- Dave McMenamin, ESPN Staff Writer
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EL SEGUNDO, Calif. -- Los Angeles Lakers center Andrew Bynum might not have attempted any more 3-pointers after being benched last week, but his team's disciplinary actions against him didn't end there.
Bynum recently was fined an undisclosed amount for "numerous infractions," multiple sources confirmed to ESPNLosAngeles.com. One of the stunts that warranted the fine from the team was Bynum blowing off a meeting with Lakers general manager Mitch Kupchak.
Bynum told ESPNLosAngeles.com he was unaware of the fine before getting into his car outside the Lakers' practice facility and driving away after the team's shootaround in preparation for its game against the New Jersey Nets on Tuesday.
Bynum did tell the website, though, he would not play in Tuesday night's game after suffering a moderate sprain of his left ankle in the first quarter of a game against the Golden State Warriors on Sunday.
Bynum's status remains day to day.
"I know he's out (Tuesday)," Brown said. "We'll see (Wednesday) and the day after and so on."
Brown declined to reveal more details about Bynum's recent behavior.
"We dealt with it internally as organization and now we move on," Brown said.
Brown said it was not unusual for the Spurs, even with their championship success, to fine players when he was an assistant coach for San Antonio. Brown generally tried to downplay the issue.
"I'm not concerned with Bynum's attitude," Brown said. "... I don't have a problem with Bynum."
Bynum's sprain did not require an MRI on Monday and X-rays on Bynum's ankle were negative, but Bynum did not participate in the Lakers' shootaround on Tuesday. Bynum used the shootaround time for treatment, which included anti-inflammatory medicine.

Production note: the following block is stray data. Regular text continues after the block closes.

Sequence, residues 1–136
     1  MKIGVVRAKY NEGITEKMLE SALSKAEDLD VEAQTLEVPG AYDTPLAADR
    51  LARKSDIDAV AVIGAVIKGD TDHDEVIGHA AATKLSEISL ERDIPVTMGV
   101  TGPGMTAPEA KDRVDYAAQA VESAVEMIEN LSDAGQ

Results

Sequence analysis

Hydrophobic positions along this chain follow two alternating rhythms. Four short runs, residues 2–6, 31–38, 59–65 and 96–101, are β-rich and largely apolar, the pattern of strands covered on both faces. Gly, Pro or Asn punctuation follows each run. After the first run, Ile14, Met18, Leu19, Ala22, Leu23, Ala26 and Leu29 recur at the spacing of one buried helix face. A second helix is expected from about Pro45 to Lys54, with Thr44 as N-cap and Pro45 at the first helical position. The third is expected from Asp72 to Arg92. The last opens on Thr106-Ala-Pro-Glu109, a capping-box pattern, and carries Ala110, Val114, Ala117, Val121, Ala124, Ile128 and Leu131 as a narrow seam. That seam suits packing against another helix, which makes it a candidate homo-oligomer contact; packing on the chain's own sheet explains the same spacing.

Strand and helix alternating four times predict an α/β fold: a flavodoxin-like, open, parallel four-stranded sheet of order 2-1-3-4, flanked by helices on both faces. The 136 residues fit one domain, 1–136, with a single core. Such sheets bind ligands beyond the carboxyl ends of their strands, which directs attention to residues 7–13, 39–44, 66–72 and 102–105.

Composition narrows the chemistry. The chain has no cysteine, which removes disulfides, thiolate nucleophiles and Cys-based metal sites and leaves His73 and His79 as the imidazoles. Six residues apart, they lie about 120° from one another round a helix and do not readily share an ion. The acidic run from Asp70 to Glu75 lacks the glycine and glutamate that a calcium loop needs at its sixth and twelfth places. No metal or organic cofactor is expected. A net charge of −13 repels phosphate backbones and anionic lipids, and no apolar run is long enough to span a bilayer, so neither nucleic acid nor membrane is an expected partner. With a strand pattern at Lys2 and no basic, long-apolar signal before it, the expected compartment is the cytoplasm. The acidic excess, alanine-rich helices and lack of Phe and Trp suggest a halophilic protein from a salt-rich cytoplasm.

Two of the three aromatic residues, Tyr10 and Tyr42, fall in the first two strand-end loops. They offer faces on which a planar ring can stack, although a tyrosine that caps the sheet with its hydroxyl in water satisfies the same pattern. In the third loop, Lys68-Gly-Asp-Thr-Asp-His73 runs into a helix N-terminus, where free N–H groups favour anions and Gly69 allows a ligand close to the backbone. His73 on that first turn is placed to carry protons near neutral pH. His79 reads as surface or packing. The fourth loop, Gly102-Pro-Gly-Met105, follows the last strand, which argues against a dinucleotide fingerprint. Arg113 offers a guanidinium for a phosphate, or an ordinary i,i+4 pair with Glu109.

"I can't play," Bynum said while wearing tape around his left ankle. "Hopefully (Wednesday against the Clippers)."
While Bynum never has been better on the court, averaging career highs in points (17.9) and rebounds (11.9) per game to go along with 2.0 blocks and the second-best field goal percentage in the league (58.1 percent), he increasingly has been difficult off it since playing in his first All-Star Game in February.
The seven-year veteran mixed his messages Saturday after scoring 17 of his 19 points after halftime in the Lakers' 88-85 win over the New Orleans Hornets.
Bynum first said, "I need some more shots, I think," when asked about his slow start. He then changed his tune and said he got enough touches and was simply trying to rack up 10 assists so he was passing more. He finished with two assists.
He was later asked a question about Kobe Bryant's demeanor during timeouts as Bryant struggled through a 3-for-21 shooting game and Bynum pled ignorance.
"I don't take part in the huddles," Bynum said. "I'm resting ... getting my Zen on."
Bynum was ejected from a recent game in Houston after picking up his second technical foul and rather than leaving the court quickly slapped hands with fans sitting courtside before making his exit.
The 7-footer, who missed an average of 31 games a season because of injuries from 2007 to '11, has stayed remarkably healthy this season.
Bynum has played in the Lakers' past 49 games after sitting out the first four games of the season while serving a suspension for the hit he made on J.J. Barea in last year's Western Conference semifinals against the Dallas Mavericks.
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